Plaintiff named the county, the sheriff, and the deputy as defendants, and defendants moved to dismiss based on several theories under the GTLA. The trial court granted the motion to dismiss, relying in part on the Public Duty Doctrine, and the Court of Appeals affirmed.

Pursuant to the GTLA, “an act or omission is considered operational and immunity is removed either when: (1) the conduct occurs in the absence of a formulated policy guiding the conduct or omission; or (2) when the conduct deviates from an established plan or policy.” (internal citation omitted). Making all reasonable inferences in plaintiff’s favor here, the Court of Appeals found that the deputy’s actions could be considered operational and that immunity was thus removed under the GTLA, unless a defense applied. Continue reading

Where plaintiff failed to file a transcript or a Rule 24 statement of the evidence with the appellate court, the “facts found by the trial court [were] conclusive on appeal” and the ruling for defendant school system was affirming in this GTLA case.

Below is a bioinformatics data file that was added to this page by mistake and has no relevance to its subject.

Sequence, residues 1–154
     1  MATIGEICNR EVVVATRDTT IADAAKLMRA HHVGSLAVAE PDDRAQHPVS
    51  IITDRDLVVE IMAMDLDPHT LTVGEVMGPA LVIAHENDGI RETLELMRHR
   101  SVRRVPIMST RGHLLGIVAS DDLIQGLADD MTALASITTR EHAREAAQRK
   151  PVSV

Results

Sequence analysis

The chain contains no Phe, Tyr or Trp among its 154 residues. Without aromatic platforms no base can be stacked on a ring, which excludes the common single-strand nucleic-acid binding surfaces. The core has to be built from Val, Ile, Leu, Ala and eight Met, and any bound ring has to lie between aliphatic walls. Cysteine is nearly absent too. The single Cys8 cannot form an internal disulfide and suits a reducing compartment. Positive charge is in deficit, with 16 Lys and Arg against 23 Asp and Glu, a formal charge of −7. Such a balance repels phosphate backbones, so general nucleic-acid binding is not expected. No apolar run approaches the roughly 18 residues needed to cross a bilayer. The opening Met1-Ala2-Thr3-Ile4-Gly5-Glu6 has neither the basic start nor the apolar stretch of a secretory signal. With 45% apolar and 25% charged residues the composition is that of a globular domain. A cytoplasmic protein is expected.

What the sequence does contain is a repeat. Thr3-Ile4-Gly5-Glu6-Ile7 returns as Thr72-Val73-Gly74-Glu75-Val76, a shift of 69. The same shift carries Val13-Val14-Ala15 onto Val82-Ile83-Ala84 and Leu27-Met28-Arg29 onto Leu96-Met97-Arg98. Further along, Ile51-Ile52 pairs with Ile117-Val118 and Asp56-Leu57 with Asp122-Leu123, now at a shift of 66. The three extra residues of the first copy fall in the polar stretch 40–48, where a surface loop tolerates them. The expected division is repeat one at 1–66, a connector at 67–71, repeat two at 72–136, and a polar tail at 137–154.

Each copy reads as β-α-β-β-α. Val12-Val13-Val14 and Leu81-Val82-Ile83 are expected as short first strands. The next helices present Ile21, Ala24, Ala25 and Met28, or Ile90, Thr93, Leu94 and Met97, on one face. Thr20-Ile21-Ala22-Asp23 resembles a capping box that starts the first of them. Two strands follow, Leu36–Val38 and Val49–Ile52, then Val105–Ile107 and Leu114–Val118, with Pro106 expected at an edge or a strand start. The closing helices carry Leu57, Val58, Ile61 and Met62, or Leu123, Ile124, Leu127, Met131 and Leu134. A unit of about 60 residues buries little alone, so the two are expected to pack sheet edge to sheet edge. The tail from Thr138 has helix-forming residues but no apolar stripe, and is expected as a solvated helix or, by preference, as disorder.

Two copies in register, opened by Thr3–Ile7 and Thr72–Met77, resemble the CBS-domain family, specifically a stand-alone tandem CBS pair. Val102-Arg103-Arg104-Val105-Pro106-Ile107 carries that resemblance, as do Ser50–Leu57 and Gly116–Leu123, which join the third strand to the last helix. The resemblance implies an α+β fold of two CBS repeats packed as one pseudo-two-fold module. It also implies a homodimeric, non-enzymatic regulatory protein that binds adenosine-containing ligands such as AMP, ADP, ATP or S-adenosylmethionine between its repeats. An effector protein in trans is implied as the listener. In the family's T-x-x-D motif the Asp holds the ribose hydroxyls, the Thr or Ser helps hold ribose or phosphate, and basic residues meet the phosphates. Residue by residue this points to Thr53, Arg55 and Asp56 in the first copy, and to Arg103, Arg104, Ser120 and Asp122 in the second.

In Johnson v. Millington Municipal Schools, No. W2019-01547-COA-R3-CV (Tenn. Ct. App. Aug. 27, 2020), plaintiffs filed a GTLA case against defendant school district alleging that defendant “breached its duty to protect [plaintiff student], who was injured in a fight on school grounds.” The fight at issue took place after school in the car pick-up line. At trial, there was conflicting evidence regarding whether plaintiff student got into her sister’s car before the fight began, whether a male student was involved in the fight, whether plaintiff’s mother had previously warned a school counselor that her daughter had been bullied by the other girls involved in the fight, and who instigated the fight. Additionally, there was testimony from several school employees regarding how close they were to where the fight began, as well as what occurred once the fight was broken up.